- 10031 Green Tree Rd. [HAR]
The pale arrow pointing from W. Beltway 8 to Downtown in the map of Houston above is made up of census blocks recorded as more than 50 percent white, according to a post by Will Livesley-O’Neill for Texas Housers yesterday. The Austin-based nonprofit, which researches low-income housing policy around the state, published yesterday’s article as a followup to some previous posts about the mixed-income housing complex that HHA is planning for the site of its own office building on Fountain View Dr. in Briargrove. The demographic breakdown on the other 3 shades shown on the map, from lightest to darkest: 50 to 25.01 percent white, 25 to 5.01 percent, and 5 to 0 percent.
The map also marks the locations of existing Houston Housing Authority public housing developments as red stars, mostly outside of or skirting the majority-white census blocks; the proposed Fountain View housing site is singled out, tagged, and marked with a green star. Meanwhile, the black outline looping mostly around the majority-white areas is lassoing the market areas deemed strongest by the Reinvestment Fund‘s Market Value Analysis for the city.
Map: Texas Housers
The former Starbucks on the southwest corner of the damp intersection of Fountainview Dr. and Westheimer Rd. now appears to be flying the minute flag of advancing Houston chain Minuti Coffee. The green Starbucks siren formerly residing on the west side of the building has been shooed off and replaced by Minuti’s comparatively austere crest, though the Seattle company’s website still lists the store at 5903 Westheimer as operational.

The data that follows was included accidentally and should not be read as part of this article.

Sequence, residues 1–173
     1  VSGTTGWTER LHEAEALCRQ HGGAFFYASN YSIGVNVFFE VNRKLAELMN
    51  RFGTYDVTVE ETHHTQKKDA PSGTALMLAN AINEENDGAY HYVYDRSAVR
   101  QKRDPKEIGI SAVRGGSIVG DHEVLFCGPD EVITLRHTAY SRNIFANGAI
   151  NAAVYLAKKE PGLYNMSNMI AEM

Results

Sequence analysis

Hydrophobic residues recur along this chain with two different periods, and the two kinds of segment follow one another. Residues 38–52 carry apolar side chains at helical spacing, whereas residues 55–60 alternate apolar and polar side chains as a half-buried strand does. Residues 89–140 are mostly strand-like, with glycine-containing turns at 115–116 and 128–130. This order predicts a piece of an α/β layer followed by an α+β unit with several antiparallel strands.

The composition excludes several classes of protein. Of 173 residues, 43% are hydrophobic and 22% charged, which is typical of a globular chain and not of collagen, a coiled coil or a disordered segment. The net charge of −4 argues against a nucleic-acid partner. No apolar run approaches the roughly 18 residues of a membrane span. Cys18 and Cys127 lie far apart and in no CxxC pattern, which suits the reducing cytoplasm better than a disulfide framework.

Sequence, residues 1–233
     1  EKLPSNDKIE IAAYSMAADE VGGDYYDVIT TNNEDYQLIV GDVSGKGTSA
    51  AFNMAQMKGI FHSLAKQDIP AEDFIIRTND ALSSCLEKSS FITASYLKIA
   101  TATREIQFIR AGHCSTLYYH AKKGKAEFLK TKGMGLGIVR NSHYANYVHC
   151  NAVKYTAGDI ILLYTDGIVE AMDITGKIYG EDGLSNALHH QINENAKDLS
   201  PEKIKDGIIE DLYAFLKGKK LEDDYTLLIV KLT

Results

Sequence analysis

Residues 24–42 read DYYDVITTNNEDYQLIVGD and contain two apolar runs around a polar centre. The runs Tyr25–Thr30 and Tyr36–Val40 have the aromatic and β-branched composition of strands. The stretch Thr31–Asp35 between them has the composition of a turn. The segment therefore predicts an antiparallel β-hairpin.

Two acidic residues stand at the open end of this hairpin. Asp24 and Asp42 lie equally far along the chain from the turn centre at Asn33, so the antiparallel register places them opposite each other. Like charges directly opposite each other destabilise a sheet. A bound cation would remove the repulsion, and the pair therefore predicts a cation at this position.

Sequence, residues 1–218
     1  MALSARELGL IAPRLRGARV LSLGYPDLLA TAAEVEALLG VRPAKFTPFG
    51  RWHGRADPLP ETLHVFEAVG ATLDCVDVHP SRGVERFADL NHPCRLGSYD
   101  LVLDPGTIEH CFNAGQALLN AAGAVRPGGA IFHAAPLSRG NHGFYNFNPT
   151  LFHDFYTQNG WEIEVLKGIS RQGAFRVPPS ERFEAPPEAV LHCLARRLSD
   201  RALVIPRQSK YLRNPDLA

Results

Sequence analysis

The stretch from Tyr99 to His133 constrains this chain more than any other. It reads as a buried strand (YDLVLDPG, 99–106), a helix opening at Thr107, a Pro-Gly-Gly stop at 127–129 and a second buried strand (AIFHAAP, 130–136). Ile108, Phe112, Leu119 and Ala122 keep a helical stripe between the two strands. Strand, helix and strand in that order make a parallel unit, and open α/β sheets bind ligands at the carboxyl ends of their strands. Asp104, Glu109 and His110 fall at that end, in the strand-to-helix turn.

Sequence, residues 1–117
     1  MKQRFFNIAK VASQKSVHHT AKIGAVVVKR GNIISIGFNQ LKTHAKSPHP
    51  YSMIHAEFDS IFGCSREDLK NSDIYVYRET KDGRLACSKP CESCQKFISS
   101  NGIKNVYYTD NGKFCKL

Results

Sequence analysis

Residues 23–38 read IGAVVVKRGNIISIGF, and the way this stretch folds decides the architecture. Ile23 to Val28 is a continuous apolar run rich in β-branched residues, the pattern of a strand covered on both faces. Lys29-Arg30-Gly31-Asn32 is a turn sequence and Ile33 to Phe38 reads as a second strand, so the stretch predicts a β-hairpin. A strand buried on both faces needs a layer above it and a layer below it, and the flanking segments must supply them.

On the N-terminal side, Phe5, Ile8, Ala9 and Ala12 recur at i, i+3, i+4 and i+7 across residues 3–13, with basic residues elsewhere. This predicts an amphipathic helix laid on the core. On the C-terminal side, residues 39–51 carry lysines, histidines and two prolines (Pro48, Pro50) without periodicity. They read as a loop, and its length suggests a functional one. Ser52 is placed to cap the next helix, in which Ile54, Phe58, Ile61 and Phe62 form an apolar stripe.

Crescent City Beignets closed its spot in the Lamar-River Oaks Shopping Center across from Lamar High School last April. Fourteen months later and 4-and-a-half miles to the west, something very much like it is opening up in a strip center strip endcap formerly occupied by a Dickey’s Barbecue Pit at 6383 Westheimer, outside the Loop and just east of Hillcroft. A reader tells Swamplot the interior of the shop is decorated with black-and-white posters of New Orleans scenes and scheduled to open late next week.
Photos: Carlos I. Velázquez (top); Joe Carl White (beignets sign)
Forty or so years of a family’s ownership of a 1958 rancher in Briargrove north of San Felipe Rd. is likely ending soon with the midblock property’s listing for $899,000 earlier this week. Briargrove Elementary School sits 3 blocks to the south. Painted paneling, a plethora of shuttered windows and built-ins, and laminate counters in the kitchen indicate some updates have been made over the years to the home, which displays original hardwood flooring — and a lot of tended landscaping front and back.
Converted to condos in 1977, hacienda-themed 1963 Trafalgar Place is part of an architectural lineup encompassing Georgian and French Empire inspired apartment, townhome, and converted properties of the same era — plus more recent residential developments. Old and new properties share a block-long street — extra-wide to accommodate both a median and complex-serving feeder lanes — that spurs south off Westheimer Rd. just west of Fountainview Dr. The tidy, stucco-clad property lies across Westheimer from Briargrove, and across Briarhurst Dr. from the Lambo Chinese Buffet.
One of its updated 1-bedroom units popped up on the market earlier this month, and it’s asking $93K. It last changed hands in 2010, for $65K.
A drive-by berm at curbside and greenery at the entry off a circular driveway double screen a 1965 Briargrove home from its San Felipe location across from Briargrove Elementary School, west of Fountainview Dr. Once past the privacy plantings, however, window walls let in the light and the sights. A recently updated kitchen freshened the property, which emerged from hiding a week ago and has a $799,ooo asking price.